It's been a while since I worked on Feathur in any really meaningful way and to be honest I miss it. So as a result I've decided to start working on the project again in small amounts. This blog is a development log for me and might be useful to anyone who wants to keep up on the changes going on with the project.
The first thing I've come to realize is that I built Feathur in entirely the wrong way to start with and to that end I've created and reset the repo from scratch. The old code base is still there and will remain where it is until such time that I feel like the newer edition is better than the old.
That said I'll be keeping the design. I liked how it looked (even if the code wasn't great). If you can't remember what it looks like click here to see some screenshots. The rest of it however needs to go.
One of the big things I intend on changing in this rebuild is the use of SSH in the main code base. It's slow, bad form and detracts from the overall usability. Instead I'll be looking into either a http authed approach or an always-on server daemon which handles the communication between nodes. Ideally I'd also like for the control panel to be able to manage servers from a domain/site aspect as well. Users shouldn't have to pay for a separate piece of software to be able to maintain a blog they've installed on their VM. I'll be releasing design plans and other documents as I go along.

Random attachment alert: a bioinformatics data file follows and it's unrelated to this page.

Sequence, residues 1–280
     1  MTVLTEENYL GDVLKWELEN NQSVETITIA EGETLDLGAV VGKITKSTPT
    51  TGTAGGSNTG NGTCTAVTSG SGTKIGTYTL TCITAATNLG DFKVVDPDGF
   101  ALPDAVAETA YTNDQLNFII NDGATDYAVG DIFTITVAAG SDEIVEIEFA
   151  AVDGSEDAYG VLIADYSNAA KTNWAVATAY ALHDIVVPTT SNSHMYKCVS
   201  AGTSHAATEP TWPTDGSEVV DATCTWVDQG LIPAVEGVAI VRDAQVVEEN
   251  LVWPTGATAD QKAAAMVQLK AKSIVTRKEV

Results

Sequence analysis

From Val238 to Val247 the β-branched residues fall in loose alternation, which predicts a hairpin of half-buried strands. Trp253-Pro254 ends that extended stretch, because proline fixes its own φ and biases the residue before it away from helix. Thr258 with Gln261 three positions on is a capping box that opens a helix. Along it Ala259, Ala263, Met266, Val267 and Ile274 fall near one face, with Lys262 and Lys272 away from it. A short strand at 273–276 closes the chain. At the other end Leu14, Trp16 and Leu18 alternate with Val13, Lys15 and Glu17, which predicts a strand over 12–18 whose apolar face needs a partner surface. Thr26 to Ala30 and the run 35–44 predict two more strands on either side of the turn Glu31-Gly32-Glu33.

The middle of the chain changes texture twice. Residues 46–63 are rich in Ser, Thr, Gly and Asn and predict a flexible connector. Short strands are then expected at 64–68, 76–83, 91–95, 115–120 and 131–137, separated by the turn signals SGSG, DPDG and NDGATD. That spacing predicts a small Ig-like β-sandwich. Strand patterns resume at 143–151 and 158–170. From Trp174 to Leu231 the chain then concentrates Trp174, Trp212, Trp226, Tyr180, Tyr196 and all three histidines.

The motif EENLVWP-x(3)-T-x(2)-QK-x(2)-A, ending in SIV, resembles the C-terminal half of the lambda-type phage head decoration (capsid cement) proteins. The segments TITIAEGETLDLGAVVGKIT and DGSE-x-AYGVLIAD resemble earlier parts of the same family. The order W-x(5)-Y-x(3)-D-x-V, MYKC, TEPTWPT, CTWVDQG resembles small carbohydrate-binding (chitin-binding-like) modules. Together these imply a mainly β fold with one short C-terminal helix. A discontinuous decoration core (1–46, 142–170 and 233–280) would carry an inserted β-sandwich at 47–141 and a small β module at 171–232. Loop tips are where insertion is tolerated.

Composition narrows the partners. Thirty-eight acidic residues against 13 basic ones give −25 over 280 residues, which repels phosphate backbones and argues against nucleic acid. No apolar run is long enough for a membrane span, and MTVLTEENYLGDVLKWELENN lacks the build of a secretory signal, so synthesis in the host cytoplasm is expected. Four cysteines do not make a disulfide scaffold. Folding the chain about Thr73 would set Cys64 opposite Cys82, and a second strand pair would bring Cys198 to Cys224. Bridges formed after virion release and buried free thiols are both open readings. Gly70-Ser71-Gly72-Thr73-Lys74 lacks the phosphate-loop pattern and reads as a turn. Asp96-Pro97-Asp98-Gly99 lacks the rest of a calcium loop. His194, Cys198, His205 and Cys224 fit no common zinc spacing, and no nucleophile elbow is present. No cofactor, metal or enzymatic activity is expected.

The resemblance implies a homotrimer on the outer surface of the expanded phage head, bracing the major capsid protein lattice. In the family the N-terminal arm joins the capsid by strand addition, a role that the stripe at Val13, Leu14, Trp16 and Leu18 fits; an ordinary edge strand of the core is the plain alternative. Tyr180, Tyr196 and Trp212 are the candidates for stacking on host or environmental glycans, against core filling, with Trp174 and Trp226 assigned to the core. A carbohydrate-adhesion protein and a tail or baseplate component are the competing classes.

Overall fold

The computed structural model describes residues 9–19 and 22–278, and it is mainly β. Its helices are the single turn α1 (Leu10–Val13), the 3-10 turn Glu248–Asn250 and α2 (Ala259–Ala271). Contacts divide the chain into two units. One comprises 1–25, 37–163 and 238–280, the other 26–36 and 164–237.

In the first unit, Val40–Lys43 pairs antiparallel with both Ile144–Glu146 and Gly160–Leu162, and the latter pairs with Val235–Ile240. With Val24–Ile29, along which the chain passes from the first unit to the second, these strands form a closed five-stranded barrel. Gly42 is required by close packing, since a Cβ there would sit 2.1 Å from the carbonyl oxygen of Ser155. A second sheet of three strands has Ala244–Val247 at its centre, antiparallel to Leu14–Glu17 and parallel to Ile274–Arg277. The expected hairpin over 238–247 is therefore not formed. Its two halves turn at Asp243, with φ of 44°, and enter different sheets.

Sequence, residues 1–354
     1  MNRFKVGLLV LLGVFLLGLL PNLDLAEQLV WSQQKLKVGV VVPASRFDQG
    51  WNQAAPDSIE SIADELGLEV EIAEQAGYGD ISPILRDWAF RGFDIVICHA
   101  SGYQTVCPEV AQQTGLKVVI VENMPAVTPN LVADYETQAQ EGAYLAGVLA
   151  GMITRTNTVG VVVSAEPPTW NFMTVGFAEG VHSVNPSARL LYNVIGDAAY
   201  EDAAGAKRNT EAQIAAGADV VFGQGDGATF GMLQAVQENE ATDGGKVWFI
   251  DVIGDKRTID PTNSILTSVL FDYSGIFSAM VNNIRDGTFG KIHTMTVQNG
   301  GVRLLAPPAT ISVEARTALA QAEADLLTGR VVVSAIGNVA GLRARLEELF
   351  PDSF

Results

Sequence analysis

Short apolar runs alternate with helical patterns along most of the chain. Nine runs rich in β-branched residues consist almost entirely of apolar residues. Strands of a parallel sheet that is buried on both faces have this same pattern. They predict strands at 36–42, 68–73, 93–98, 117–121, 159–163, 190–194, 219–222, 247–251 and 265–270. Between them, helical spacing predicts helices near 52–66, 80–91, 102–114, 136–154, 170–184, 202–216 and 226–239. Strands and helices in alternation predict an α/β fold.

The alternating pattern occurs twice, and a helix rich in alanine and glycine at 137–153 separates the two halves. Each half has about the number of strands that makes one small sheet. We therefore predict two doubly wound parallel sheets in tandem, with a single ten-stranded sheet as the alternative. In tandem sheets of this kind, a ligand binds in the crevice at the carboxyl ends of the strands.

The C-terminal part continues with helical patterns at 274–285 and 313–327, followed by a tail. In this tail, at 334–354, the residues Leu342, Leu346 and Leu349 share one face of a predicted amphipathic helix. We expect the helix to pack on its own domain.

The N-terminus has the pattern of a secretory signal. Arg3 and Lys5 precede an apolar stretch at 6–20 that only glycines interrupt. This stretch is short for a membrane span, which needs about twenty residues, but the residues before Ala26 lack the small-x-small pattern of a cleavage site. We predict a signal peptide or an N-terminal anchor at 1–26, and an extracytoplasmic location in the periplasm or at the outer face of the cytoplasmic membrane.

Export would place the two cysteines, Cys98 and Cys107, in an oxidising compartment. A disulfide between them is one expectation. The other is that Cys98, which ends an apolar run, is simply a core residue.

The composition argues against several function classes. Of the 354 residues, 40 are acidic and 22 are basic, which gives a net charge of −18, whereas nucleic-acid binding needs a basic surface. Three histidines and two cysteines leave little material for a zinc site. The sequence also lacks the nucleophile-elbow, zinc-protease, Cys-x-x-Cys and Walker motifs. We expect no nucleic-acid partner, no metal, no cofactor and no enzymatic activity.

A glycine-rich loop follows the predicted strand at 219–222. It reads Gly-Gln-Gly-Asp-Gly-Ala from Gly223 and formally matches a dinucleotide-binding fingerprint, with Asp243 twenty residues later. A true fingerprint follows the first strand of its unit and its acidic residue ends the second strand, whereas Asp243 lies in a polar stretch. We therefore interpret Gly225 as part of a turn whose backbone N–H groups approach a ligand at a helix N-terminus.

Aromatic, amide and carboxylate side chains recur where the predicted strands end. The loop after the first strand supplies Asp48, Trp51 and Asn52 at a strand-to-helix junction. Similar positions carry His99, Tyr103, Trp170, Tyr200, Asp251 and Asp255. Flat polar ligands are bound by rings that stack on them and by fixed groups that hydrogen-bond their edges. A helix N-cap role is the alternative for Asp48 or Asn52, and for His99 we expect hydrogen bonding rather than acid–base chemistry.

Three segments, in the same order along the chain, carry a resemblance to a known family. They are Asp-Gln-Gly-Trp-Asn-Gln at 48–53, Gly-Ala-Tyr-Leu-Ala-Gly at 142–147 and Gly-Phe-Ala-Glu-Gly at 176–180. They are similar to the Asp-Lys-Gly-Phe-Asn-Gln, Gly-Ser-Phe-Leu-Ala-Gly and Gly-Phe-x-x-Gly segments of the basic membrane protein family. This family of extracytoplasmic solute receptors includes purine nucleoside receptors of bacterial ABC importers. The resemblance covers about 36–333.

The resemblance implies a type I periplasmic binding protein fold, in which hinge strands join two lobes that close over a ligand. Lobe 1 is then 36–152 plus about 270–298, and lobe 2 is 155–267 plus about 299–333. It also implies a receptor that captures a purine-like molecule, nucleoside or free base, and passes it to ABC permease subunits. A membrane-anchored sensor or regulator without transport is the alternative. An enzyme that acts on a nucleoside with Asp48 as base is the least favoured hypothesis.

The other "large" change I'll be making is getting rid of the use of paid licenses in the new rebuild. They never made much money; they were easily removed and didn't provide any end user benefit. I'd still like to be able to pay for my time and server space, but I'll likely be setting up a Patreon and Youtube account so that people who want to contribute can, but it'll be "low key" this time around.
So in theory I'll be making additions to the repo from now on (hopefully on a weekly basis) and provide updates here about what was added. Stay tuned and thanks for reading.
Last time I built Feathur I used CPHP and I'd get comments like this: "I'd contribute to Feathur if it was written in Yi/Laravel/Code Igniter/etc...". Those comments frustrated me and made me want to change over to one of those frameworks so that people would help me... but I've realized that in general no matter which framework you use there will be someone who wants to use something else. Frankly it's unlikely those people would have contributed to the project regardless of the framework. So this time around I'm going with a framework I know like the back of my hand. If people decide they don't like it then so be it; they probably wouldn't have helped anyway.
So to kick things off right I'll begin by setting up the framework I intend on using this time around. Namely Ori; a framework I developed.
It covers the essentials (and pretty much nothing else):